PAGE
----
Delhi hospitals denying dengue treatment to be penalised
The state government in the Indian capital, Delhi, has threatened to penalise hospitals after reports that they turned away dying children suffering from dengue fever.
Two families have alleged in recent days that their children died after being denied treatment at hospitals.
Delhi is in the grip of the worst outbreak of dengue fever in five years.
More than 1,800 cases have been recorded in recent weeks, compared to 1,695 cases for all of 2010.
Eleven deaths have been reported so far.
Authorities have ordered surprise checks at private hospitals to ensure they do not turn away dengue patients and leaves of doctors have been cancelled as hospitals have been flooded with sick people.
The order came after reports that two children died after prominent city hospitals refused to admit them.
On Tuesday, Chief Minister Arvind Kejriwal made surprise visits to some hospitals and said action would be taken against those who turn away dengue patients, The Hindu reported.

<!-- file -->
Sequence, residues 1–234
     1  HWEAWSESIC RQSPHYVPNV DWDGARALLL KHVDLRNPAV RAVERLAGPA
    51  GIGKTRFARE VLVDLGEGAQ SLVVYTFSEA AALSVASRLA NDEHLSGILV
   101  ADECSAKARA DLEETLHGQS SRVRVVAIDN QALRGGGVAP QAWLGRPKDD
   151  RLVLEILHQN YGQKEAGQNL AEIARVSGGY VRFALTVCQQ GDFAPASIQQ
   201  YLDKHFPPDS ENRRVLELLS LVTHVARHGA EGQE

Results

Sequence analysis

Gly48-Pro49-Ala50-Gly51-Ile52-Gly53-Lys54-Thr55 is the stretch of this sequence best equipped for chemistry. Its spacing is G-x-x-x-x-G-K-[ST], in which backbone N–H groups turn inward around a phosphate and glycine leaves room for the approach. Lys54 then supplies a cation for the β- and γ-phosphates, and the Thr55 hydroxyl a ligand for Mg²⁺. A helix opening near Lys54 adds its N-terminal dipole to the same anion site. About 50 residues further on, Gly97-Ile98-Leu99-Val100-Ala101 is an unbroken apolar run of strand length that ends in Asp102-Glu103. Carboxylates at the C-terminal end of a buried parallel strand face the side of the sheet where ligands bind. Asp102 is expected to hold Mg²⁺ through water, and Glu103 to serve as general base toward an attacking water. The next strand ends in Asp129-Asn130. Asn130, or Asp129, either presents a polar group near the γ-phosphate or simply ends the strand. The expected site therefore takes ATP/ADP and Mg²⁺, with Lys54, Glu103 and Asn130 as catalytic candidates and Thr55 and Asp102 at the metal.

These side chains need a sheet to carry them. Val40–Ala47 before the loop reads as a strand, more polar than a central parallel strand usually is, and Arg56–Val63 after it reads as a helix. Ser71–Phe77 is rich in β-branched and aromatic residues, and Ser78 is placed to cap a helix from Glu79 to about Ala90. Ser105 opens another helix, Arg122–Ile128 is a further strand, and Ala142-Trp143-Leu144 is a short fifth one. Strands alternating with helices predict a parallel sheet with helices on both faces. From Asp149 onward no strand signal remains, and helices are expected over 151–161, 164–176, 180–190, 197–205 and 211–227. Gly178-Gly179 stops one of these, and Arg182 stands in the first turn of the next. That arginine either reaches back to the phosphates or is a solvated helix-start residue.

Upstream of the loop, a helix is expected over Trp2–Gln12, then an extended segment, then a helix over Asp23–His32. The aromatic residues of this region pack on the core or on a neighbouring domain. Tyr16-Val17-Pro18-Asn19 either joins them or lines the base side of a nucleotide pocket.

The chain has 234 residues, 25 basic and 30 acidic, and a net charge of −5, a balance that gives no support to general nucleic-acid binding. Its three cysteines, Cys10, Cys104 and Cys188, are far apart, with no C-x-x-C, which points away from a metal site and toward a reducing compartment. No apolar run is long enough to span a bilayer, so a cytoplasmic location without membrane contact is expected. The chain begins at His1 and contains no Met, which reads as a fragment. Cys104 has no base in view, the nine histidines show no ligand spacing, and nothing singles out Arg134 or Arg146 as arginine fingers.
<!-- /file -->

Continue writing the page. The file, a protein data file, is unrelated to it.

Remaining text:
"It is heartbreaking. We have become blind in the race to make more and more profit. We shouldn't forget our humanity," he was quoted as saying.
"We are planning to come out with a law so that hospitals refusing treatment to an emergency patient can be penalised. In the next couple of days, we will call a special session of the legislative assembly to bring in the law."
The government's move comes after a couple jumped to their death from a four-storey building in Delhi last week, two days after their son died of the fever.
The authorities ordered a magisterial inquiry into the death after media reported that the boy was refused admission at five private hospitals. The reports sparked outrage and anger in the city.
The mosquito that carries the dengue virus breeds in containers with clear, stagnant water.
Dengue cases usually peak during and just after the rainy season, which normally lasts from June to September.
Monsoon rains provide more breeding grounds for disease-carrying mosquitoes, who lay their eggs in stagnant water, including pots of clean water, puddles and open sewage drains.
- Dengue fever is prevalent in sub-tropical and tropical regions, including South East Asia and South America
- It is a major cause of illness worldwide, causing about 100 million episodes of feverish illness a year
- Symptoms include high fever, aching joints and vomiting
- Complications can prove fatal in extreme cases
- There are four major strains of the virus